Oi, Courtney Cox! Wanna go halves on a pashmina?

Hey everyone! Did you know that I look like Courtney Cox? I didn’t, at least not until today. This perhaps because I’ve been suffering from low self-esteem. Alas, others have yet to see the ressemblance, presumably because they’re all suffering from low me-esteem. But they will work it out, eventually. Once I stop wearing crap clothes and looking like a clown.

This morning I received a free Colour Me Beautiful image consultation as part of an employment “health and wellbeing” day (the alternative option I could have taken was a free BMI, cholesterol and blood pressure check. Er, bo-ring!). I arrived at the stand, my consultant sat me down and promptly opened a book to reveal a massive picture of Ms Cox, while exclaiming “that’s you!”. For the record, it isn’t actually me. I’ve not been in Friends or Scream or some ongoing series about how I now need to shag younger men cos I’m in my forties and it’s liberating or something. That’s not me. I think what the consultant meant is “you look like her!”. But not in the sense of “you’re really pretty”. More, in the sense of “you and her share the same colour type” (perhaps I will tweet Courtney later and see if she fancies swapping clothes).

There are six colour “types”. Me and Courtney are both “clear”. This means we can wear full-on, in-yer-face shades without looking like total clowns, or rather, to be more specific, we need to wear full-on, in-yer-face shades to avoid looking like clowns (our own colouring is so “high contrast”, y’see). Indeed, the “clown effect” was mentioned several times. I found it very illuminating. I used to think people didn’t take me seriously because of what I said and did, but no; it’s because I’ve been wearing pastels.

The consultation lasted half an hour (perhaps it lasts longer if it’s not free). Much of it involved sitting in front of a mirror and having various cloth samples held against me so that I could see how the different shades affected my complexion. To be honest, I pretended to notice the difference more than I actually did. It would have been rude to say  “sorry, I wasn’t concentrating on which bit of cloth you were holding when. I got distracted by how old I look and was wondering whether the lighting here is particularly harsh”. Still, now and then, I could actually see the consultant’s point. Yes! I can wear red! (As long as it’s ruby and hence completely different from all of the reds I actually own.)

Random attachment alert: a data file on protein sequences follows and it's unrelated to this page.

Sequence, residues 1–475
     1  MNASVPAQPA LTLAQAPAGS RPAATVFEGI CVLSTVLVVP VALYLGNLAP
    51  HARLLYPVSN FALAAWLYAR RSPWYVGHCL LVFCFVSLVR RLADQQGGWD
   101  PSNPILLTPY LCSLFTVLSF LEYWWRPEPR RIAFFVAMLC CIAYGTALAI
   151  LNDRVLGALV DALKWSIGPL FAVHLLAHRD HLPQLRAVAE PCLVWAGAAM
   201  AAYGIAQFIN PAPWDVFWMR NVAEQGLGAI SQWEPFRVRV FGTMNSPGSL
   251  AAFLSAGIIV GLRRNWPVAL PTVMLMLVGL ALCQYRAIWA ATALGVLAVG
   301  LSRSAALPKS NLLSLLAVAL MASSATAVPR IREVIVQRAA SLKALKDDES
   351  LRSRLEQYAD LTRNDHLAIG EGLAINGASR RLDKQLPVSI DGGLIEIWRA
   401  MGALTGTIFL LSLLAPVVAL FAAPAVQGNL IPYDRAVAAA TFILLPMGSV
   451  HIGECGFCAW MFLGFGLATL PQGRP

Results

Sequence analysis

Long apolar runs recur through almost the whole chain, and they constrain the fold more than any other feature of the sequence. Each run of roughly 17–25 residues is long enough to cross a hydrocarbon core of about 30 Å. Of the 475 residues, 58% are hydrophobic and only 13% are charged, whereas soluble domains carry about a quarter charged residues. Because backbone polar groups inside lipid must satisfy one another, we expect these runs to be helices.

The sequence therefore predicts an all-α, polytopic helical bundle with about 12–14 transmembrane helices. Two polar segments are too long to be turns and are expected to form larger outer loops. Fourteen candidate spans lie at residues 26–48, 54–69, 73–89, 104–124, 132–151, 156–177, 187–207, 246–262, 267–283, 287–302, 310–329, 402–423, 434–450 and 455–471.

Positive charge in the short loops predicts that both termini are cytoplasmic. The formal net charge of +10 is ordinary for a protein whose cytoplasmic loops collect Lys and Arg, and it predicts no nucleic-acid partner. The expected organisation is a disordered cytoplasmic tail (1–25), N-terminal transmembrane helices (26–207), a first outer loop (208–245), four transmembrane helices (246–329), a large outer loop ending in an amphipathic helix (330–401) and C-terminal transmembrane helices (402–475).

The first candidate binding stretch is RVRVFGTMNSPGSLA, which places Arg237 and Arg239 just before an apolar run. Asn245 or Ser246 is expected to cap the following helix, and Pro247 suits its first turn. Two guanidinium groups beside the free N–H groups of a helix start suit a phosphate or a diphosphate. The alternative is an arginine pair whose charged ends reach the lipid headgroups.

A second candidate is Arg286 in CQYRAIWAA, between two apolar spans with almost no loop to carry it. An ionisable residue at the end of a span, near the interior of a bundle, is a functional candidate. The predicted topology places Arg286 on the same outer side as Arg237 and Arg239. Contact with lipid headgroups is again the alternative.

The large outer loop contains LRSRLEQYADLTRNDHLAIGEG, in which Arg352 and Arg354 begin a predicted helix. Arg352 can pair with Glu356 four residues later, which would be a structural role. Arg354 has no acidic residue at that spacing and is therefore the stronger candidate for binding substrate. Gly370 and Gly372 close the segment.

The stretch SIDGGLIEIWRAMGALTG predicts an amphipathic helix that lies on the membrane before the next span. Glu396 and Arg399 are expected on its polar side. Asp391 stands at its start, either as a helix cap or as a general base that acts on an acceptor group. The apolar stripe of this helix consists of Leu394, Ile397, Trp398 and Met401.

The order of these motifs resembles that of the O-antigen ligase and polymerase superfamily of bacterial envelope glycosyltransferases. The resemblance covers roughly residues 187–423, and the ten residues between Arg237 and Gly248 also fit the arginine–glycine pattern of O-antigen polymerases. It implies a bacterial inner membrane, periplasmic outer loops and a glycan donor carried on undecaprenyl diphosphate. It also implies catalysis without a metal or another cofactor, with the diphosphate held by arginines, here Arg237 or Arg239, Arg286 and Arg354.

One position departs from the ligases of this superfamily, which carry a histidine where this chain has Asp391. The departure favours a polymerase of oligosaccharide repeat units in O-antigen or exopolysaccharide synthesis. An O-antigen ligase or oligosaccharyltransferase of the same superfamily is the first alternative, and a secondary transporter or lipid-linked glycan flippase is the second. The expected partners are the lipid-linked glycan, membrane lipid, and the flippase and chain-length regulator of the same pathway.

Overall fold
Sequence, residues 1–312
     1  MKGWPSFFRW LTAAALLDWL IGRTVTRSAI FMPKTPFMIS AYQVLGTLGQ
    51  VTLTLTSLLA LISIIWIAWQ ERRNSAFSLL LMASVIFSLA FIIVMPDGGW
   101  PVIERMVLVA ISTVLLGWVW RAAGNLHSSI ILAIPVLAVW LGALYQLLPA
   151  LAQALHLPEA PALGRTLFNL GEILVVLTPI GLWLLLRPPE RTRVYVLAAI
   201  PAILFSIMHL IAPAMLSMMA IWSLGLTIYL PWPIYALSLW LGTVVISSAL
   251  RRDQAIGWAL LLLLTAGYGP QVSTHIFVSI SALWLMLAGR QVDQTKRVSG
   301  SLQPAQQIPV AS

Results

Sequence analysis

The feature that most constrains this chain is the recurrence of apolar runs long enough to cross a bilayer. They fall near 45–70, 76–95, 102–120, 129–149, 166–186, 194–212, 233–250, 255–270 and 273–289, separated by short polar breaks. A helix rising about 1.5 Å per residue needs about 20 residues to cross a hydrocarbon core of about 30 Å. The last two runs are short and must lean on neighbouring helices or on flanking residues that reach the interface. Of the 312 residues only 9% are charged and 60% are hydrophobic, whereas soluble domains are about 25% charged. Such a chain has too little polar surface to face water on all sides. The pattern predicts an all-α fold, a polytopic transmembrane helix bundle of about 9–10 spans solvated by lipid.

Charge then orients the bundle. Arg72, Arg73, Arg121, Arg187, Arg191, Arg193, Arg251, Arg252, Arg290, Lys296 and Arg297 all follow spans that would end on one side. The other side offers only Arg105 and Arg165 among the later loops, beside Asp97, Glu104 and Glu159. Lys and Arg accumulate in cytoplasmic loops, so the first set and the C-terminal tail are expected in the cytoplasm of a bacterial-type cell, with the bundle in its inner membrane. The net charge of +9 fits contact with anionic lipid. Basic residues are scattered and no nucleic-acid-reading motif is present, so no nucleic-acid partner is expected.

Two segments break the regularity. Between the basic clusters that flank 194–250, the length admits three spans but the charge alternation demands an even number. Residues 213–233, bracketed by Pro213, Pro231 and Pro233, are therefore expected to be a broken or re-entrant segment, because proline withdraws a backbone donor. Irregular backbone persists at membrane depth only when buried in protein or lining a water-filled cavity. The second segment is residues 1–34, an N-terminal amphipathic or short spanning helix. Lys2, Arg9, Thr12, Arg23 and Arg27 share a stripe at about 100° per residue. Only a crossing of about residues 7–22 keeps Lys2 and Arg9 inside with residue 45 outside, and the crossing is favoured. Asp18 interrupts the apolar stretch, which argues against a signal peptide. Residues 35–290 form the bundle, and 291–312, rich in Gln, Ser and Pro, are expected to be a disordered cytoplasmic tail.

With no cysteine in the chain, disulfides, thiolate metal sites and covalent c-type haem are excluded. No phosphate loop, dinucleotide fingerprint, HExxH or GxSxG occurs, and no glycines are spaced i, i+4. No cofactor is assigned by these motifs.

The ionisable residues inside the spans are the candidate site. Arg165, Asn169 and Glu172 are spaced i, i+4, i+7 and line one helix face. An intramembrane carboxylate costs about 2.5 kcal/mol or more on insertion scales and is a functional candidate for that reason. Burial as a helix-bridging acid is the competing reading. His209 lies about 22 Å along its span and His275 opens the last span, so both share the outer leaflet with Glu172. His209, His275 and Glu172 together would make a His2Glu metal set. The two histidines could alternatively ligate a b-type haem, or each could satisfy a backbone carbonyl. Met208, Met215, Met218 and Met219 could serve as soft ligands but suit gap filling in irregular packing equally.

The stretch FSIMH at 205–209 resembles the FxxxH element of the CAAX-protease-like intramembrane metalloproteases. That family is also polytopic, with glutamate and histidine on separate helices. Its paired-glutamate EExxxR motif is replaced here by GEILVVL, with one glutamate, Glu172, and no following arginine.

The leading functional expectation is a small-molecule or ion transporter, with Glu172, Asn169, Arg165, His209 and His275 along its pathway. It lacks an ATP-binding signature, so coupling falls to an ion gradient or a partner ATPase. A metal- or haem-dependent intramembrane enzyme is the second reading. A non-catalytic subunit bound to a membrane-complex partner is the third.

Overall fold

Obviously all of this is scientific fact and in no way meant to get you to buy more clothes, especially not the Colour Me Beautiful pashmina in the appropriate shade for your colour type, £24.99 (perhaps Courtney will go halves). It has made me want to buy more clothes because all of the ones I have right now are wrong and make me look like Krusty in the Simpsons when I could be looking like Monica relaxing with Chandler and Rachel in Central Perk. But the really funny thing is, overall this has made me feel quite good, regardless of whether I get new stuff or not. It has given me a boost, if only because I’ve realised that finally, I don’t give a toss about not looking like someone off TV. When she said “that’s you!” I just wanted to laugh, but in a good way. At long last, I think this feminism thing is finally starting to work (but Courtney, I mean it about the clothes share. I bet you don’t have any Primark. I’d see you right).

PS Isn’t Colour Me Beautiful an awful, awful name? Nothing should be called Colour Me anything after Colour Me Badd topped the charts with the dire “I wanna sex you up” in 1990. Since then, any phrase starting with Colour Me… is just plain wrong.